I remember hearing the argument years ago that Israel was the model to follow when it came to the prevention of terrorism, and I remember thinking just how idiotic that was: Keeping 99 out of 100 terrorists from successfully attacking you is not preferable to not having any terrorists want to attack you. By the same logic it makes more sense to live where there are fewer disasters than to live in a place which must constantly successfully overcome them.
For decades it seemed to me that my community was the former. Except for the occasional heavy snow I can’t recall any climatological events that caused any real disruption in my life beyond a day of school being cancelled. In just the last three years I’ve experienced just how disruptive a tornado, a freak early snowstorm, and a couple of hurricanes can be, though I can happily report that I feel as though my neighborhood, while not immune to natural disasters, is not at all fragile either.
These storms have been record breakers in terms of wide spread utility losses as well as the extent and the expanse of the damage they have done, and yet what I’ve found is that it wouldn’t be unreasonable to conclude that my decaying industrial age urban core neighborhood is much more resilient than many a modern edge city or suburban area.
When my neighborhood, my street, even my house, were directly in the path of this tornado I saw how quickly order was established and recovery took place. Being only a few blocks from hospitals, police and fire headquarters, and even emergency shelters gave me and my family a sense of security; a “sense” which never had to grow beyond anything but a sense because having electric, phone, and cable lines all below ground, and having outlets which satisfy all of our basic needs within walking distance, we never actually experienced any diminution of life.
So when a major disaster actually struck as close as a disaster can strike, granted, without actually destroying my home (which just a few dozen yards of course deviation could have caused and only good fortune can explain), my life was only minimally disrupted. On the other hand, the Halloween snowstorm of 2011 devastated thousands of square miles north, south, east, and west of my home, and yet my neighborhood was left completely unscathed. While almost literally everyone else I knew was without heat, without power, without water, without phone service, without an Internet connection, and without access to gasoline, I not only had all of those things, but found found myself in no need of the latter because everything I could want was within walking distance. We opened up our home to family and friends and it functioned as a shelter for more than a week.
This matters. Many people say outright that they do not live in cities for reasons of safety and security. Beyond the fact that urban living is far safer than people think, and life in the exurbs somewhat more dangerous than many believe, city centers may be more resilient than other places in 21st century America.
I’m not sure what scientific methodology could falsify this claim, though I would love to see a study addressing this(Here’s an article published after I wrote this post)My evidence expressed here does not go beyond the anecdotal, obviously, and a thoroughgoing analysis would need to take into account the frequency and expanse of the various types of disasters, and statistical evidence of resiliency of design typologies. Regardless, I feel comfortable saying that the infrastructure which forms the foundation of my life in a material sense is strong, and includes numerous redundancies.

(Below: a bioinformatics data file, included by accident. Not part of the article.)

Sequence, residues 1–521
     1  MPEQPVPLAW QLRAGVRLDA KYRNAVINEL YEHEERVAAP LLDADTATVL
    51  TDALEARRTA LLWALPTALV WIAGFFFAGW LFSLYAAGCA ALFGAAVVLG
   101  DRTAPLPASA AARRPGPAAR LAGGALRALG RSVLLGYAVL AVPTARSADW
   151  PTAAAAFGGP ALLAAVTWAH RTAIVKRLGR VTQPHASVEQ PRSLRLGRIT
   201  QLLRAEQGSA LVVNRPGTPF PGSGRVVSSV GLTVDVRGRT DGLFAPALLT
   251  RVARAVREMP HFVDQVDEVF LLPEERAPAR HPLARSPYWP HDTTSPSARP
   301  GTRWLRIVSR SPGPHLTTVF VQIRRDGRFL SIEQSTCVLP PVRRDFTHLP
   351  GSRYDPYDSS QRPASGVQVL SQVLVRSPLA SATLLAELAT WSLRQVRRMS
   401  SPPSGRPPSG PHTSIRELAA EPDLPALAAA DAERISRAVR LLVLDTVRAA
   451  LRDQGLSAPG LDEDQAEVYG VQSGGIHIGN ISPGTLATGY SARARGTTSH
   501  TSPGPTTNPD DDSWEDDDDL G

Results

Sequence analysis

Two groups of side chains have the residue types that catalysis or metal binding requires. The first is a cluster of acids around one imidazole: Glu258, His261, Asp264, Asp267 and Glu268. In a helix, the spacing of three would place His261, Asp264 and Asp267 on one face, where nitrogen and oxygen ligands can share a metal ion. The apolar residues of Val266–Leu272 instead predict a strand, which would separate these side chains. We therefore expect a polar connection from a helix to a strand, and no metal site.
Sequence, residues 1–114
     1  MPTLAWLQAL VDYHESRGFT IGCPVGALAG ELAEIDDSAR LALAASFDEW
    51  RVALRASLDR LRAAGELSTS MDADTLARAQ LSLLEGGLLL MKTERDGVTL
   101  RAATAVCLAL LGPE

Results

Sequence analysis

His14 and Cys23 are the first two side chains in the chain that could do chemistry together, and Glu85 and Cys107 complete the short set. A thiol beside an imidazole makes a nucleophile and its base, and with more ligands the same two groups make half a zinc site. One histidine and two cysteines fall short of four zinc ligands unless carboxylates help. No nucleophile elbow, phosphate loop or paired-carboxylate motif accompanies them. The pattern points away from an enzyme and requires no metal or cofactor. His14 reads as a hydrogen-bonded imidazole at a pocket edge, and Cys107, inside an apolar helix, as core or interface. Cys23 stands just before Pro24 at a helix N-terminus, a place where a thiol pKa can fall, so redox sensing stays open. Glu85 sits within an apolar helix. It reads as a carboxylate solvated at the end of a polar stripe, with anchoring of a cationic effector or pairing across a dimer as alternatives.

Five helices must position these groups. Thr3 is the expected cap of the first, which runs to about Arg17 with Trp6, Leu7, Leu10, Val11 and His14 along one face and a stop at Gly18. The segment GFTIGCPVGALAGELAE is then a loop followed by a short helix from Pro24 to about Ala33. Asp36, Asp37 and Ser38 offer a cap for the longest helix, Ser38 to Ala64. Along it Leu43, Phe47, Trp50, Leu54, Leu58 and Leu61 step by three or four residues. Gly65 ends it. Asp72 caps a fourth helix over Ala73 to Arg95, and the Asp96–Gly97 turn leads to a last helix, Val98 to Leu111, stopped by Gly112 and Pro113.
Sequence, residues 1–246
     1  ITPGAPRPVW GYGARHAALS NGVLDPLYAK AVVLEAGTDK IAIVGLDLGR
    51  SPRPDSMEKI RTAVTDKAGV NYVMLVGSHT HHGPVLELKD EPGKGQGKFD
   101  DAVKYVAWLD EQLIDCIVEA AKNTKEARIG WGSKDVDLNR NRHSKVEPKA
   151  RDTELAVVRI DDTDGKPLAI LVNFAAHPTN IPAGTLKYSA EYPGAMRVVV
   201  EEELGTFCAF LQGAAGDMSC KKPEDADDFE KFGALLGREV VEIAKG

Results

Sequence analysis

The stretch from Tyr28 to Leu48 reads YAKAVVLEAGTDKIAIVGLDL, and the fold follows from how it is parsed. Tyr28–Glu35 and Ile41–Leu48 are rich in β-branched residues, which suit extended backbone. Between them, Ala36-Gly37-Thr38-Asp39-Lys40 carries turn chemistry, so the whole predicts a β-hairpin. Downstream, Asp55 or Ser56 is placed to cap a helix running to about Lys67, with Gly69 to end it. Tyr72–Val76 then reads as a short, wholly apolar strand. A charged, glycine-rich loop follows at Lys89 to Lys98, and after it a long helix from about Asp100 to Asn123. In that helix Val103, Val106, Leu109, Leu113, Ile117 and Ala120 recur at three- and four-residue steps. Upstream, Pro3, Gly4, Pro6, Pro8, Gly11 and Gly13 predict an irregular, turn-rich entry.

Every variety of transportation other than air transport has my neighborhood as its hub: My neighborhood. That’s public and private, local and regional, “rubber wheeled” and “steel wheeled”. There are two energy generating facilities visible from my backyard and that electricity seems to make its way here along a very stable transmission network as my home has never been without power, to my knowledge, since I moved here four years ago. My water comes from a system the Romans would have been proud of: It flows from the hills west of the city downhill to the valley in which the city rests. The region is not prone to drought. The regional hubs and switching stations of every major modern communication system are also, again, in my neighborhood. (Beyond all this, there are farms, many of them, in nearly all of the towns around my hometown: One of the great benefits of being a region which experienced only negligible population growth in the last 75 years.)
What all of this means is simply that if ANYONE in my region is “online” then my neighborhood will be online. I can’t imagine that being a bad thing in an age of uncertainty.
From another perspective, looking up instead of down i suppose, I’m curious to see if the realities of the aftermath of Hurricane Sandy will begin to justify the claims of James Howard Kunstler relative to the future of the largest urban centers. Mr. Kunstler has often said that the conditions of “The Long Emergency” will prove too difficult for cities which have grown too large to adapt to the realities of our changing natural, energy, and economic circumstances. He has stated that New York City itself may see relative decline in the near future. While New York clearly has many more redundancies than my own community in the way of infrastructure, they are at such a scale, and under such constant pressure to work at absolute peak efficiency that I wonder if they can bounce back effectively from this and any subsequent disasters. To be continued?
(To quote the hosts of the Today Show just now: “…more than two million people still without power mostly in New York City’s outer boroughs and the New York suburbs.”)